As something of an unintended dramatic gesture, Childress had to start out on the loss side by losing his opening match to Trenton White 7-5. He, then embarked on an eight-match, loss-side winning streak just to face hot seat occupant, Gabriel Martinez. 

White at least had the courtesy to provide evidence that his opening round win was not just an accident and advanced to a winners’ side semifinal against Landon Hollingsworth. Gabriel Martinez and Ivo Linkin squared off in the other one. Martinez got into the hot seat match 7-1 over Linkin. Hollingsworth survived a double hill fight versus White to enter his second hot seat match of the weekend. Martinez, though, sent him to the semifinals 7-5.

In those semifinals, Hollingsworth had the misfortune of running into Childress, who was only one step away from a spot in the finals and in his eight loss-side matches had been giving up an average of a little over two racks per match. Childress gave up two more in his battle with Hollingsworth and then let up a little on Martinez in the finals, allowing him three racks in their race to 9 to claim the 18 & Under title.

Casey Cork, Tatum Cutting and Skylar Hess

Tatum Cutting came into the 18 & Under Girls division event, one win behind the division’s rankings leader, Sofia Mast, who was ahead in division victories 3-2. Cutting came into the final event, behind in the division’s rankings by 4,500 points, so unless Mast had failed to show up, she was uncatchable in the division’s rankings. Mast did show up and finished in the tie for 5th/6th. Cutting went on to win the event, coming from the loss side, and in the process, made something of a definitive statement in her single match against Mast.

Mast lost her opening match to Courtney Hairfield 7-5, who followed her over when Cutting downed her in the second round by the same score. Cutting advanced to a winners’ side semifinal against Casey Cork, as Skylar Hess and Hayleigh Marion squared off in the other one.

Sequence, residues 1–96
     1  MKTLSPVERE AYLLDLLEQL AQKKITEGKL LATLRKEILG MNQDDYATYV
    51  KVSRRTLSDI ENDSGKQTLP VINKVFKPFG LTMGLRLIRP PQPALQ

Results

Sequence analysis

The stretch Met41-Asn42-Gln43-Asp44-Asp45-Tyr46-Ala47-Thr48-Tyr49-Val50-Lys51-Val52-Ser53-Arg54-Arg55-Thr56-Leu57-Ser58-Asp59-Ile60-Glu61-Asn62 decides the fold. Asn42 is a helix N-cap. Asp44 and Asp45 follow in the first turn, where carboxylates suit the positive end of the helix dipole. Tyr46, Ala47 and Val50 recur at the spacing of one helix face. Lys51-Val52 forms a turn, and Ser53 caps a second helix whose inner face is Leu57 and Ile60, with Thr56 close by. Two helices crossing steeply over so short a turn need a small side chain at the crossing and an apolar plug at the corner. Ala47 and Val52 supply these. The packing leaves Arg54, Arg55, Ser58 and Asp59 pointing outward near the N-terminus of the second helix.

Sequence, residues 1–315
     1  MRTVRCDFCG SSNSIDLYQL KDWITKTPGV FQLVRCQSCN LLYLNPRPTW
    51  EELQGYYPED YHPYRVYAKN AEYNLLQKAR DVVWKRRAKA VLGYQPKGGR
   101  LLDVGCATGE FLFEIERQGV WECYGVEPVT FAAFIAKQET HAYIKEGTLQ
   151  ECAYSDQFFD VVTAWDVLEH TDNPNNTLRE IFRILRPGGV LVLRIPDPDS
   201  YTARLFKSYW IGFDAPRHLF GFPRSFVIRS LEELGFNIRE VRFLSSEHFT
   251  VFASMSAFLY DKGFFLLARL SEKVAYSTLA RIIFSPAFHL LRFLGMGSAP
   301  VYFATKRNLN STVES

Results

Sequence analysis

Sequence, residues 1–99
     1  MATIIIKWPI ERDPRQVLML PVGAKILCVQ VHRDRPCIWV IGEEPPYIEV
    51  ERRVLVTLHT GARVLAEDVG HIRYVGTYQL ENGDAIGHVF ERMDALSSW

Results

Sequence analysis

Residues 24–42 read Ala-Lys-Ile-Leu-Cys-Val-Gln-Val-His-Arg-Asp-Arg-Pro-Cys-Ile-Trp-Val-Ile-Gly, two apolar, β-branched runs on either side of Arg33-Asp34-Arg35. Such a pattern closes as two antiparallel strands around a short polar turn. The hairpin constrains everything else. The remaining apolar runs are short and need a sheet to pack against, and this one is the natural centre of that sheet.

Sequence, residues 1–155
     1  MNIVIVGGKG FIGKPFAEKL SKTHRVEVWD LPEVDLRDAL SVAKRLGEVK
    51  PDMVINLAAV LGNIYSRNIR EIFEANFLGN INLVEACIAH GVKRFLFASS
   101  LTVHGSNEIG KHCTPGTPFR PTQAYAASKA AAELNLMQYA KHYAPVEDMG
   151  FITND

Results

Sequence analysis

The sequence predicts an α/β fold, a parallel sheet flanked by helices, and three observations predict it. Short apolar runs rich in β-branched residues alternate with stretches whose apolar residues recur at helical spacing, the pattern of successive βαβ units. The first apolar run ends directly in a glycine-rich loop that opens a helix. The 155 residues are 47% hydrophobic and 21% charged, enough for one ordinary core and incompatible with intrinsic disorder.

Hess got into the hot seat match with a 7-4 win over Marion. Cork joined her with a 7-3 win over Cutting. Cork claimed the hot seat 7-3 and waited on what turned out to be Cutting’s return.

On the loss side, Cutting ran right into Mast, who was in the midst of a brief, three-match loss-side winning streak. Marion drew Taylor Perkins, who’d won two in a row on the loss side to reach her. Perkins and Marion locked into a double hill that did, eventually, send Perkins to the quarterfinals. Cutting made her ‘statement’ by shutting Mast out, advancing to meet Perkins.

Cutting chalked up a second straight shutout, over Perkins in the quarterfinals and then downed Hess in the semifinals 7-4. 

There was not really a lot at stake for Casey Cork in the finals of the 18 & Under Girls division. The event would determine which eight would advance to the 18 & Under Girls Championship next month in Norfolk. Sitting in the hot seat, it was already Cork’s best finish among the six events she was able to attend, but she came into the event below the 8-player threshold for the Championship and though it’s unlikely she’d have been calculating this prior to the finals, she had zero chance of catching any of the opponents ahead of her and the best she could do would be runner-up, in which case she’d finish 9th in the rankings.

That’s exactly what happened, but not before Cork had first, downed Cutting in a winners’ side semifinal and then, in their finals rematch, put up a double hill fight versus one of the top two players in the division to record her best showing of the entire series. Cutting completed her third division victory of the series with the 9-8 win.

JIC Tour Director Ra Hanna thanked all of his sponsors for their help in making this event possible, Mike Littman with Littman Lights, Matt Suite at American Billiard Covering, Dynaspheres, Chris Wilson at The League Room, Kory & Trena Wolford from Wolfs Den Billiards and Mike from Michael’s Billiards.